Notes From An Appraiser March 2018

This is a story of two paintings and the appraiser.  On one day I had two office appointments scheduled, for one a Chinese painting and one Japanese painting. I was sent photographs of the paintings before the scheduled appointments. In both cases, the properties, the paintings, were inherited from their grandparents. I charge $300 an hour, and to be honest, I wasn’t sure if either of these paintings would be of that value.

While researching the two different properties before the office appointment, I wrestled with the thought the property may not equal my charge. Both individuals were driving around an hour to see me and I m acutely aware that time equals money , I charge a travel fee. The Chinese Painting was a landscape, with mountains in the distance and a waterfall, a pagoda in the right fore front. The painting was a vertical format, lending it’s shape to the effect of gazing over a valley. There was a red ink square stamp with archaic Chinese script and a running script of Chinese characters. I can’t read Chinese, but had determined the translation of the text did not effect quality, and likely not value.

When I saw the Chinese painting, watercolors on silk. I immediately knew it was not of $600 value. The landscape theme, mountain with waterfall, is popular , but quality brushstrokes were not present. I spoke about the property for five minutes, after signing my contract, and told the owner not to stay, his property was not worth $600, only if the artist was known and that I could not translate the characters. It was a difficult position to explain why, if I were unable to read the writing, I knew this great condition, waterfall landscape watercolor, was not valuable.  Only if by someone famous and I, the appraiser, could not answer what the owner found to be the most important, the artist name.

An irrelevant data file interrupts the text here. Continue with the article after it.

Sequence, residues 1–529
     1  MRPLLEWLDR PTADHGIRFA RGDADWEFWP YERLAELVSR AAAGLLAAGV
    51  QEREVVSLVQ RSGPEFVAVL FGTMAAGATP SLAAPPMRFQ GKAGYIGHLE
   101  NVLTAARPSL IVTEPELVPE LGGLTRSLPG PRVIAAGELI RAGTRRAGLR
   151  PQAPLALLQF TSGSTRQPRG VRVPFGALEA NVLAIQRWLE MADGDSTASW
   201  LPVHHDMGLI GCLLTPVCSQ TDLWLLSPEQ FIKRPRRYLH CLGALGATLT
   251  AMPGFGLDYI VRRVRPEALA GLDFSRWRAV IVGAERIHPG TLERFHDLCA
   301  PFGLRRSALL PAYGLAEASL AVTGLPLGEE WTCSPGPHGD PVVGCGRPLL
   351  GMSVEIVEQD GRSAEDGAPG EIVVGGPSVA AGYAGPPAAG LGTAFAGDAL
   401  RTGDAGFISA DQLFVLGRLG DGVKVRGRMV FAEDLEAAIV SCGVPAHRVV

I have not told someone to leave before. It felt awkward discussing his property, when the bottom line was the watercolor was not quality work. Why waste the client time and mine. All my family stories about honesty, doing the right thing, we are our brothers keeper came flooding into my mind. I was not smooth, I just said “do not write me that check, your property is not valuable. No, I cannot translate. Well maybe, if artist well known and no I can’t read. “. It was the first of my two appointments and I questioned my judgement of accepting the jobs.

Then in walked the Japanese painting. In the Asian marketplace, Japanese art is the least valuable. The painting was ink on paper, about 30” wide, simple wood frame and mounted with different strips of cloth around the borders, evidence that at one time this was a scroll, with many horses throughout the layers of background. When I say many horses, think over twenty. Horses are a popular theme in ink painting, usually one horse, but also three or maybe five. My notes were underlined, ‘many horses’. The condition of the property was as is. The two different silk cloths used for mounting were faintly visible. The quality of this cloth, regardless of condition, was superior. I could date it to early 17th century. Again I could not read signature nor recognize seal of artist, but why would an inferior painting be mounted with such valuable silk. The painting itself had some water damage at the top, but appeared stabilized. This property I valued at just under $1,000 fair market value. I mentioned if conserved and remounted with similar quality fabric, both costing thousands, it would be quite valuable. I still felt a bit uneasy about the $300 fee, but I spoke for an hour easily about the property.

Again it was a judgment call, one built on years of experience. I sent the writing and signature later to a scholar friend who found the artist to be 1575 – 1645. This matched my dating of the fabric. Later that week, I saw a Japanese 17th century painting, presented as a two panel screen, of portrait of Daimyo and horse, for $50,000. It was in pristine condition. Naturally I sent photos to owner of horse painting for reference. It made me again feel confident about my judgement call.

Cynthia Shaver